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By: Ch, Maj Elie Estrin, USAFR

Perhaps this anecdote doesn’t quite fit in a magazine speaking to Jews in the US military, but hey—if we’re talking about Jewish Warriors, our readership should forgive us if we make the occasional mention of our IDF brothers and sisters.

This goes back to 1997. I was a young yeshiva boy, having the time of my life studying in Israel. One of the more remarkable experiences in that stint occurred in the parameters of what we Chabadniks call “Mivtza’im,” or “Mitzvah Campaigns,” created by the Lubavitcher Rebbe. We rabbinical students were frontline soldiers in the effort to ensure that every Jew in Israel had the ability to celebrate Judaism; particularly during the holidays. So about a dozen of us, a motley crew hailing from Israel, the US, Argentina, and England, piled into a battered old van and headed out to IDF bases on the Syrian and Lebanese borders.

Our first stop was guided by a hitchhiking soldier. A dirt road off the side of the highway led to a small training range, and the dozen soldiers training out on the range showed us their large outdoor menorah, its cups made out of empty mortar shells. We sang and danced with the crew, distributed the ubiquitous jelly donuts, and thus energized, got back in the van to head toward Mt. Hermon, the highest peak in the region, and besides for its small ski resort, a closed military zone.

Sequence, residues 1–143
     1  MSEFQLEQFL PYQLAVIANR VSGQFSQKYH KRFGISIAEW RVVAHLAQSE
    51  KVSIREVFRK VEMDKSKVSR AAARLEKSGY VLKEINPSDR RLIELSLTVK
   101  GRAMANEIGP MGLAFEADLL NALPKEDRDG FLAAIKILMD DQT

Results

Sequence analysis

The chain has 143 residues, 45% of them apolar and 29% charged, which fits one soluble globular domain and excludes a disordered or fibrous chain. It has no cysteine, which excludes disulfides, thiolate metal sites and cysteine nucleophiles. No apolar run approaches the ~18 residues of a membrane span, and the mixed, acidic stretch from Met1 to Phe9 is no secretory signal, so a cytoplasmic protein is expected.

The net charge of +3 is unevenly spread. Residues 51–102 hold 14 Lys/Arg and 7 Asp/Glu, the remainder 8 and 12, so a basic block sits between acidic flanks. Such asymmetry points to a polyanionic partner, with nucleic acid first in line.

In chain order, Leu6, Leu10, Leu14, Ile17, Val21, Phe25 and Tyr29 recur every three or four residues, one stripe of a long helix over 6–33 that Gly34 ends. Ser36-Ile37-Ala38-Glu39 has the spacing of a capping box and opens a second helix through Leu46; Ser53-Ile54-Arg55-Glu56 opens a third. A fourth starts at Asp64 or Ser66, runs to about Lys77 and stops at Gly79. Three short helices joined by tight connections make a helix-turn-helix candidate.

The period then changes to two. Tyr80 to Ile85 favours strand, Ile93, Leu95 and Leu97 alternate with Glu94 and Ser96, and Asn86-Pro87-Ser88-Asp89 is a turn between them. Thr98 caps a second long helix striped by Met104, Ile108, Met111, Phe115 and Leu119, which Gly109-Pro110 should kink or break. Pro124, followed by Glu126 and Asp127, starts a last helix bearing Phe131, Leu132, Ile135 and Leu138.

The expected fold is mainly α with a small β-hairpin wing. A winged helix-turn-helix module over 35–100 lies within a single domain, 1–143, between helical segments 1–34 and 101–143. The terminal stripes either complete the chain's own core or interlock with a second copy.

It was well past nightfall by the time we arrived at a large sign that declared: “MILITARY AREA: KEEP OUT.” Well, that was what we were looking for, right?! Apparently the guys in the guardhouse didn’t think so, and the commander of the unit on duty came roaring out to us, telling us in endearing, flowery terms to turn around and find a civilian road to travel back from whence we had come. “But wait!” we pleaded, “We have jelly donuts to distribute to the soldiers!” Jelly donuts? Well, that’s currency on Chanukah! The soldiers manning the guardhouse did their diligent duty and called up the chain of command to request permission for us to distribute our precious cargo. Soon enough the response came from above: “Boys from Chabad with jelly donuts?! Send ‘em on in!”

The impromptu Chanukah party that ensued was something to remember: After the commander of the base lit a menorah in the underground barracks, hundreds of soldiers began singing and dancing with the dozen of us. The light, energy, and joy of the holiday was intense; the modern IDF warrior in the tradition of Judah Maccabee bobbed shoulder-to-shoulder with the spiritual descendants of Matityahu.

At some point, a soldier ran over to us and said, “Follow me!” We piled back in the van and followed his army jeep as it drove up a narrow road. It led to a small bunker. As he ushered us into the bunker, the soldier told us that from where we stood, we could wave at their Syrian counterparts some 20 meters away. Upon entering the bunker, we found six surprised soldiers, with whom we happily reenacted our Chanukah party once again—menorah, jelly donuts, and pure joy coated with confectionary sugar. And then one of the men turned to me with a serious look in his eyes, and told me something I’ve never forgotten.

“You have no idea what you are doing.”

Say what?? Was that an insult?

“No, I mean it seriously. You don’t really get it. Here, on duty, at this forlorn station, no holiday exists. No Chanukah, no Shabbat, nothing. But you brought it to us—you gave us the holiday. You can’t possibly know what this means to us.”

Fellow Jewish Warrior: No Jewish Soldier, Sailor, Airman, Marine, Guardian, or Coastie should feel that spiritual loneliness. No, this isn’t the IDF; yes, we are a minority’s minority in the US Armed Forces. But somebody’s got to stand up to bring the light of Judaism to the lone Jews on your installation; and if a clueless 17 year-old American can do it in Israel, you can do it too, on your base. Let me know how I can help you do so.

Originally published in the Chanukah 5782 Jewish-American Warrior